Hometown commentary: Charles Love’s past includes time in prison. But what he’s done since and wants to do next have some people scared enough to launch whisper campaigns. Let the city voters decide.

Hometown commentary: Charles Love’s past includes time in prison. But what he’s done since and wants to do next have some people scared enough to launch whisper campaigns. Let the city voters decide.

Charles Love, center, announcing his bid to run for City Commission on Wednesday.


Up on North Broad, an old strip center has “under contract” across the Hardy Realty for sale sign. Next door, there’s an almost-new Dollar General store, transplanted from a spot a bit closer to Broad Street. Keep an eye on that site as well.

Across the highway and a turn down Watters Street gives way to what once was the Rome-Floyd Recycling Center. Usually bustling with activity, it also was a litter headache as remnants got loose from paper and other heaps of recyclables..

Some communities have seen better days; North Rome is going the other way. It’s on the way back.

And one of the people responsible is Charles Love. He knows a lot about a different type of recycling; for him, it is all about his life, both before and in recent years.

We met Love for a late breakfast on Thursday in at Troy’s barbecue in North Rome, a popular spot for politics and community discussions over eggs or barbecue or a loaded buffet. The reason was to discuss his background which quickly became “currency” this week, political currency. The “whispers” over the past 48 hours have been deafening.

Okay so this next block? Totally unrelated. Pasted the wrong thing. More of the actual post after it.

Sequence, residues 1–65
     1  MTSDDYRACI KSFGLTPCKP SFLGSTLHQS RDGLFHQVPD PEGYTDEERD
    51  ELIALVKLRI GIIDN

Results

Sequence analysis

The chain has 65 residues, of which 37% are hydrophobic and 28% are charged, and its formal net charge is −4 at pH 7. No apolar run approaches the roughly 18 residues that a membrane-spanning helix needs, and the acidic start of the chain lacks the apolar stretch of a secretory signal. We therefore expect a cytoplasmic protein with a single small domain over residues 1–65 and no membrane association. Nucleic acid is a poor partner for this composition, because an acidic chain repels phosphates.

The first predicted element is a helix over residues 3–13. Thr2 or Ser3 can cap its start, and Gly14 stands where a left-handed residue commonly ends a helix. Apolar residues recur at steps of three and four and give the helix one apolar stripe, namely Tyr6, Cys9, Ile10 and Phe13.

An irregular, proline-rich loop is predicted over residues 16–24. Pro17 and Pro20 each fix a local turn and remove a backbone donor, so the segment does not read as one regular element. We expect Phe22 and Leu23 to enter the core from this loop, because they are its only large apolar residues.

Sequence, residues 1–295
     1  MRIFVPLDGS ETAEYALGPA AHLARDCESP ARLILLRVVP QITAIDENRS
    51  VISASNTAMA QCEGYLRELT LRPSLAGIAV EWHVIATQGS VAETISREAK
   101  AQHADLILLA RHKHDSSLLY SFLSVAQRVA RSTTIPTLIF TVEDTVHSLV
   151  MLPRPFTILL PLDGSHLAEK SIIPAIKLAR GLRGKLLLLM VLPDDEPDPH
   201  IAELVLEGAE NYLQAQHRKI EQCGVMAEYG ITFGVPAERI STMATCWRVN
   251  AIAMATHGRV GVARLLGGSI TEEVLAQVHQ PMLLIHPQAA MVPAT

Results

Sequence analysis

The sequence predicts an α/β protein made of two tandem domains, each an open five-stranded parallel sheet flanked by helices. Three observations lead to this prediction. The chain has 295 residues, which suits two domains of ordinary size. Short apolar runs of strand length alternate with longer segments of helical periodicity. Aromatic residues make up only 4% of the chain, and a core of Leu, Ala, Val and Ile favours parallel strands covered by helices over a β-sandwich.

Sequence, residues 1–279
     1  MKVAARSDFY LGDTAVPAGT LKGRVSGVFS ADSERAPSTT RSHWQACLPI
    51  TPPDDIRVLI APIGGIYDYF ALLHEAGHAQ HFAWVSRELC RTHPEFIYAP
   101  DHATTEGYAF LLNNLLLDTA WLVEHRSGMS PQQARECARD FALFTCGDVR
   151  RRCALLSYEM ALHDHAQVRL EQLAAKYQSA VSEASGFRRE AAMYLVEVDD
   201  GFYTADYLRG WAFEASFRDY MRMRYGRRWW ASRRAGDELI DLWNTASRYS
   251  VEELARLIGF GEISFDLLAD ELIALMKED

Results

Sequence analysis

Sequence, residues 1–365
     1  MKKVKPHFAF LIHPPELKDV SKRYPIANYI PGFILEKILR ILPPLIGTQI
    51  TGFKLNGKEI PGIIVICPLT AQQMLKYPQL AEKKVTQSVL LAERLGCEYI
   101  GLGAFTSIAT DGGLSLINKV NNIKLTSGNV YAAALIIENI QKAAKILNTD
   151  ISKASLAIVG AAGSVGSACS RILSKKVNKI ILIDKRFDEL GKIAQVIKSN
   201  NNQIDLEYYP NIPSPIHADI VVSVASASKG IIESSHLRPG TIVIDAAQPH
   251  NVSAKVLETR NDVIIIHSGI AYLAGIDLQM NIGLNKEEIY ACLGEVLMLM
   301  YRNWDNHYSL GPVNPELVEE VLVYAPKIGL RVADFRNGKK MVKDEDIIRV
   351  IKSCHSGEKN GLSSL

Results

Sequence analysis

The reason? Love, a candidate for one of three spots representing Ward 1 on the Rome City Commission, made “mistakes” in his years as a lobbyist in Tennessee. Confronted with bribery charges, he confessed to federal authorities and never stood trial.

According to The Chattanoogan, Love was sentenced  for being part of the “Tennessee Waltz” sting led by the FBI; Love was described as “the bag man.” He spent eight months of a 366-day sentence in prison; he was released in 2008.

Love wound up in North Rome and began to “give back” as he calls it. He dove into his new neighborhood, Ills and all, and worked with others to champion North Rome. Citizens, churches and city officials all joined in to begin cleaning up crime, blight, litter and other issues.

A onetime school board member in Tennessee, Love’s contributions in Rome earned him an appointment to the Rome Floyd Planning Commission.

And on Aug. 21, 2019, Love took it a step further by qualifying to run for City Commission. He arranged a noon media briefing on the steps of City Hall. Around 50 family and friends gathered under scant shade to hear the skilled orator credit the North Rome community for all the achievements; he asked for their continuing support on the City Commission if elected Nov. 5l.

Love made the announcement, surrounded by two preachers, knowing those who didn’t know about his prison time would likely hear it soon. Again, it is “currency” that is well traded in politics, small town and big city. We’ve already seen the emails and texts and borderline outrage about “how can HE run?”